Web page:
Doing their crimes and then doing the time

You have the right to remain silent...and you have the right to go to prison.
You have the right to remain silent…and you have the right to go to prison.

Off to the courthouse this morning to cover another round of cases in Circuit Court for the paper.  Weekly doses of justice now occupy the schedule.

Four trials are set, all on on drug cases involving the highly addictive crystal methamphetamine and most include   possession, manufacture and distribution of of the drug.  Most will plead out in deals between the Commonwealth’s Attorney and defense attorneys.

The docket also has sentencing of two — one on an earlier conviction for manufacturing and distribution of meth and the other a habitual drinking driver who not only got cause driving under the influence for the third time but crashed and caused property damage and then fought the law officer who arrested him and faces punishment for attempting injure the cop.

A couple of those in jail will try to convince Circuit Judge Marc Long to let them out on bail pending trial.  One Roanoke man broke into county homes, stole firearms and, as a convicted felon on other charges, now faces charges for possession of such weapons.  The other also broke into a home and is charge with stealing, you guessed it, firearms.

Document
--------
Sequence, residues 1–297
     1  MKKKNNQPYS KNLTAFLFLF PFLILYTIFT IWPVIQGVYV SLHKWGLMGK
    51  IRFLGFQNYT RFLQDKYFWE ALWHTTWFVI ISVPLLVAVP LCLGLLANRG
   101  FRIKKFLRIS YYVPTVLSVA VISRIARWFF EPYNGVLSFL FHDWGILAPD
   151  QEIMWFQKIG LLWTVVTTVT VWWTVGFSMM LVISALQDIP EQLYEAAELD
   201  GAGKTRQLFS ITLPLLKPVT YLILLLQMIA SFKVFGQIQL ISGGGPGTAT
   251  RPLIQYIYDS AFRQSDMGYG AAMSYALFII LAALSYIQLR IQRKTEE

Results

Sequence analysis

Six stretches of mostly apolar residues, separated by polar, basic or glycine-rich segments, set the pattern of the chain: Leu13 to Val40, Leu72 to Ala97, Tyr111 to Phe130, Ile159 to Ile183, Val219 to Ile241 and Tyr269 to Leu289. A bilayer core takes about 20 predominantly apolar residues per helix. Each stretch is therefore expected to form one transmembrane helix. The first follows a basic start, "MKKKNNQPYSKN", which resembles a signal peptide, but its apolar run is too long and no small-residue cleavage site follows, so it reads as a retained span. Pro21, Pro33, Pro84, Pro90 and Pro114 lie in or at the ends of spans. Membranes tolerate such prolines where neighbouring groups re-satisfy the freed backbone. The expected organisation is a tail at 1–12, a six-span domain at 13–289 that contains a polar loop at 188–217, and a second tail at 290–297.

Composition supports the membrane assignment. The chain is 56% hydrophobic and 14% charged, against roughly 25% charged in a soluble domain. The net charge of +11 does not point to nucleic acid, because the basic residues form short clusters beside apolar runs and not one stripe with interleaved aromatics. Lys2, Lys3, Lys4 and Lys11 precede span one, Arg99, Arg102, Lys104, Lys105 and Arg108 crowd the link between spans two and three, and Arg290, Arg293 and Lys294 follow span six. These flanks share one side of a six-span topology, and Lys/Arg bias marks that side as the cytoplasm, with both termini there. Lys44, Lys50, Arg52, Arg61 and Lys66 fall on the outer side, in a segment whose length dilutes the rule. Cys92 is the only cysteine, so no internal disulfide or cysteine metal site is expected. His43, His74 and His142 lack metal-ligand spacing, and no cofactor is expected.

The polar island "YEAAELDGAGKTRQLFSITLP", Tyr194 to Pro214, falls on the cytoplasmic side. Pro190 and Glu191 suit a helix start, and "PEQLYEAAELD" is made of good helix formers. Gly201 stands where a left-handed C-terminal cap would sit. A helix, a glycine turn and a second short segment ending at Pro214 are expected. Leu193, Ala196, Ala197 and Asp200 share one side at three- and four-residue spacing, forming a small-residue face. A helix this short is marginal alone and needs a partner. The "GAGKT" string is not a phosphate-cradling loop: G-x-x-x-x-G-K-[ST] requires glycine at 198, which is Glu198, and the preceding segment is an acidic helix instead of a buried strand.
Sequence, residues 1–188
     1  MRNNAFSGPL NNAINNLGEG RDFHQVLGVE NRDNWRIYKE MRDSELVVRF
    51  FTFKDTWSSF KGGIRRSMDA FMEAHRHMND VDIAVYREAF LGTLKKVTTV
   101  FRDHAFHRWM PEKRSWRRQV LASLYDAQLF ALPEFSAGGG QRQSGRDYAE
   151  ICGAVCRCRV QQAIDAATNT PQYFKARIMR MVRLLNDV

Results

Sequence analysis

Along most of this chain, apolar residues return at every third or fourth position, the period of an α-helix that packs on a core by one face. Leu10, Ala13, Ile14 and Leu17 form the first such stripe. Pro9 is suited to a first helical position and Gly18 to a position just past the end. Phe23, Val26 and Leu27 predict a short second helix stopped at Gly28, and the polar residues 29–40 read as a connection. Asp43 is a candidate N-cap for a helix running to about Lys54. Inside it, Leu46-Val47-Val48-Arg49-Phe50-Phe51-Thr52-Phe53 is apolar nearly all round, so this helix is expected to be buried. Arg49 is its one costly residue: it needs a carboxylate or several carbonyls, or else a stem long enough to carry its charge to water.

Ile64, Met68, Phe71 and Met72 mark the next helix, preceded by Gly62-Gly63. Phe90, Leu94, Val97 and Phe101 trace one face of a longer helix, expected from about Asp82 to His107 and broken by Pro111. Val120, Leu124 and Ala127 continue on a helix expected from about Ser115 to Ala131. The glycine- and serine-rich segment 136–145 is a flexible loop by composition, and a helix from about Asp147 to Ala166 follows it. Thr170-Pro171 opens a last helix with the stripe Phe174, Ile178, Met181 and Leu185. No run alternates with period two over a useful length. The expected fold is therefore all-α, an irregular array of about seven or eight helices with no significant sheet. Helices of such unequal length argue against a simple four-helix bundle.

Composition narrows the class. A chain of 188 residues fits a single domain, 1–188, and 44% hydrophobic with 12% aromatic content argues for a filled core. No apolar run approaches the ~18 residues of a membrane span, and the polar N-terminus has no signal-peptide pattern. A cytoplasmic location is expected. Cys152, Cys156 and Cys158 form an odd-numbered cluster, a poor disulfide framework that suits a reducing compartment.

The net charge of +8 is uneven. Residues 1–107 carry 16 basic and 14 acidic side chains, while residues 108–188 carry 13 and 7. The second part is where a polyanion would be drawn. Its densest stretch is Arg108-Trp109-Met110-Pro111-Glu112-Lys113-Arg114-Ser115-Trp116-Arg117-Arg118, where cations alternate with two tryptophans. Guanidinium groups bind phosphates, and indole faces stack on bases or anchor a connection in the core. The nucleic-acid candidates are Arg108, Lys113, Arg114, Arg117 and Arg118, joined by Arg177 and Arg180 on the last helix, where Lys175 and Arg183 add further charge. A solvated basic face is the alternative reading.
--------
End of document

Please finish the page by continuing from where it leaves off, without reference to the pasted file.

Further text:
A routine day of watching those who break the law face punishment for doing so.  The van from New River Valley Regional Jail will take most to Dublin at the end of the day and some will be headed for prison.

Last week, my stories about court included more drug cases and one where the former assistant treasurer of Floyd County admitted a long period of embezzlement of funds from taxpayers.  She faces sentencing in October.

Next week, the cycle continues, including a scheduled sentencing of a former Indian Valley man convicted of raping an elementary school student several times.  He faces multiple life sentences in prison.

So much for a quiet life in a small town.

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